Difference Between Pecan and Walnut

by John Staughton (BASc, BFA) last updated -

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If you have ever wondered about the difference between pecan and walnut, there are some key points where these two popular nuts diverge.

Difference Between Pecan and Walnut

While these two nuts are often grouped together as delicious options full of healthy fats, there are actually quite a few differences between pecans and walnuts.

Pecans

In terms of appearance, pecans are darker in color than walnuts, but their shape is small, oblong, and somewhat flat after they’ve been removed from their shell. A single serving of pecans – approximately 1 ounce – has roughly 200 calories, as well as more than one-quarter of the healthy mono and polyunsaturated fats that you are recommended to consume each day. Pecans are also surprisingly good for your protein intake, with about 5% in every serving. These nuts are also rich sources of zinc, magnesium, potassium, and vitamins A, B, and E. Pecans also have slightly more dietary fiber and sugar than walnuts.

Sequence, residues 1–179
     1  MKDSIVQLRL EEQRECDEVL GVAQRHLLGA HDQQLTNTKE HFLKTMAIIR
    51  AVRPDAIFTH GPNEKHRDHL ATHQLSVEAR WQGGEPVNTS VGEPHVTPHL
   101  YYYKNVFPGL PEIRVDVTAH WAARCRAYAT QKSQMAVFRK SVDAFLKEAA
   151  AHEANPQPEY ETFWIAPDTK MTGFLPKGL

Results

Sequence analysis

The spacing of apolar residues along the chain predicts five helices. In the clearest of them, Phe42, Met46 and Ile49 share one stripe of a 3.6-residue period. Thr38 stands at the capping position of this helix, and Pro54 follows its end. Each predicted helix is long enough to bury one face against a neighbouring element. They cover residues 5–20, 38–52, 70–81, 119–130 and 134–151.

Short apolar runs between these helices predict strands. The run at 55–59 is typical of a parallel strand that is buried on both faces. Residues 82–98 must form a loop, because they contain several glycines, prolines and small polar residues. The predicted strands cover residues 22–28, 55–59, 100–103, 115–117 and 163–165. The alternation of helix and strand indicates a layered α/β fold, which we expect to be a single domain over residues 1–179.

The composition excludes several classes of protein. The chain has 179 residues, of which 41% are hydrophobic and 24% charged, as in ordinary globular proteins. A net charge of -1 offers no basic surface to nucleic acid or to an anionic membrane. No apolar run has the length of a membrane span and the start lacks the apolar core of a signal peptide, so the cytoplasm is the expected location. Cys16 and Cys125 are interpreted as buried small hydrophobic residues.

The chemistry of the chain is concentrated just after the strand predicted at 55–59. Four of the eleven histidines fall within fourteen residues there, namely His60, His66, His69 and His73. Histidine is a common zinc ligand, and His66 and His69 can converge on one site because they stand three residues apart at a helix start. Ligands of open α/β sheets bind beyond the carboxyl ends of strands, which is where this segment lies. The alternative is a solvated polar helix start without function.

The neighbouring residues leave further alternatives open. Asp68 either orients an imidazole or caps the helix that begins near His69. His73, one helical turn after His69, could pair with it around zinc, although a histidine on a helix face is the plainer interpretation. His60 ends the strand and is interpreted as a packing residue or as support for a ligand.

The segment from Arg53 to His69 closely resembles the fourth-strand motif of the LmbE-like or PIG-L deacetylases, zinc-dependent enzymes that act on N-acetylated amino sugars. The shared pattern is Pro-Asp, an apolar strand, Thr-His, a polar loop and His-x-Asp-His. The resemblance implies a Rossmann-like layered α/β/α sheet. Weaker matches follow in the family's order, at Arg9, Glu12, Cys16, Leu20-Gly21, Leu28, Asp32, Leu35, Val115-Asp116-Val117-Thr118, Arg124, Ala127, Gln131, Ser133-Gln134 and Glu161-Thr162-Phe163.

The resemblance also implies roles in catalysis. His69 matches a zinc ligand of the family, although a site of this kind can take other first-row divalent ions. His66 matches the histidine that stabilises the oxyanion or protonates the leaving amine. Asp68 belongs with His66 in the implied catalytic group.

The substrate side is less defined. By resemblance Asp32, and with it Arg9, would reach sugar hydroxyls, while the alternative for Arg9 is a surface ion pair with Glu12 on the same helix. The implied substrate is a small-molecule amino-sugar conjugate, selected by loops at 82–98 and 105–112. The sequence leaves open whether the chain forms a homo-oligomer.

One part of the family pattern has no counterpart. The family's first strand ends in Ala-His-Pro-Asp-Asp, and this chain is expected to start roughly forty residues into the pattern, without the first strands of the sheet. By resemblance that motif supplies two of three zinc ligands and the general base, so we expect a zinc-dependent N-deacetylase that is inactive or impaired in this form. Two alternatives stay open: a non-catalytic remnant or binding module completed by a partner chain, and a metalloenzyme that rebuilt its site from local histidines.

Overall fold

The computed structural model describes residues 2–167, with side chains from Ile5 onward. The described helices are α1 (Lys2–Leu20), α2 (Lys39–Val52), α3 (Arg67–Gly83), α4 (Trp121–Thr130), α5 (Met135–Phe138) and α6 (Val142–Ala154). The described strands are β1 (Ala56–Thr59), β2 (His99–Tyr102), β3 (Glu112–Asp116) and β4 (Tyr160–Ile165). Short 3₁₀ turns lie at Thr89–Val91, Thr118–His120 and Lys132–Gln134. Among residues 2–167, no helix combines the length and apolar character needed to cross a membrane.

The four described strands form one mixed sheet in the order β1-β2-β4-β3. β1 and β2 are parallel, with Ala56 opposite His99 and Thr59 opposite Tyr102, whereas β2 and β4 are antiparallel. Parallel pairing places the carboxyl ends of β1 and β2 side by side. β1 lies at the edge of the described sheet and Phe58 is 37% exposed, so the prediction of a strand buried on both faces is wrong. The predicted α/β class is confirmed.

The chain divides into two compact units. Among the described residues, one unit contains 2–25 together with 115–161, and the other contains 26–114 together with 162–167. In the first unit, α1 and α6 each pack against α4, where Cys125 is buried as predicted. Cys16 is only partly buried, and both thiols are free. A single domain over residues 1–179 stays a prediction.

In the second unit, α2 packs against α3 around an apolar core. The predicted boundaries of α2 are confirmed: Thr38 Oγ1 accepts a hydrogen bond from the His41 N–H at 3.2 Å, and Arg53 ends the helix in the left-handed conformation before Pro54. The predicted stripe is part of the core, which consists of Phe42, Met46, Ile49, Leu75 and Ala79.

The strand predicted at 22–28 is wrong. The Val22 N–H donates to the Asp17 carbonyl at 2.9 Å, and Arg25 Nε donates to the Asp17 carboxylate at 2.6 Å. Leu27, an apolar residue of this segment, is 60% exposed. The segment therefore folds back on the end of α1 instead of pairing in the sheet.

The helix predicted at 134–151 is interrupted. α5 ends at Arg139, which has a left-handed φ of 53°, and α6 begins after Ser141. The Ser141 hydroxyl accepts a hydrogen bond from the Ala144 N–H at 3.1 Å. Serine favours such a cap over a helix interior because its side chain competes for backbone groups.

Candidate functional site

In terms of flavor, pecans tend to be slightly more bitter, and when you eat these nuts, there is more of a waxy texture on the outside skin. If you are allergic to pecans, the symptoms of this nut allergy will almost always appear within the first hour following consumption and may include side effects such as hives, sweating, nausea, vomiting, dizziness, unconsciousness or anaphylaxis.

Walnuts

Walnuts, on the other hand, have a pale golden brown or yellowish color once removed from their shell, and they are easily crumbled or ground, more so than pecans. An ounce of walnuts has slightly fewer calories than pecans, coming in at about 200, but they have about the same amount of “good” fats and omega-3 fatty acids. The protein content of walnuts is nearly double to that of pecans, making them one of the most protein-dense nuts available.

While the mineral content in walnuts is not as impressive or diverse, they do contain higher levels of B vitamins than pecans, particularly thiamine. The flavor of walnuts is slightly sweeter than pecans, but the symptoms of a walnut allergy are very similar, including potentially life-threatening anaphylaxis for those who are allergic.

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About the Author

John Staughton is a traveling writer, editor, publisher and photographer with English and Integrative Biology degrees from the University of Illinois in Champaign-Urbana (USA). He co-founded the literary journal, Sheriff Nottingham, and now serves as the Content Director for Stain’d Arts, a non-profit based in Denver, Colorado. On a perpetual journey towards the idea of home, he uses words to educate, inspire, uplift and evolve.

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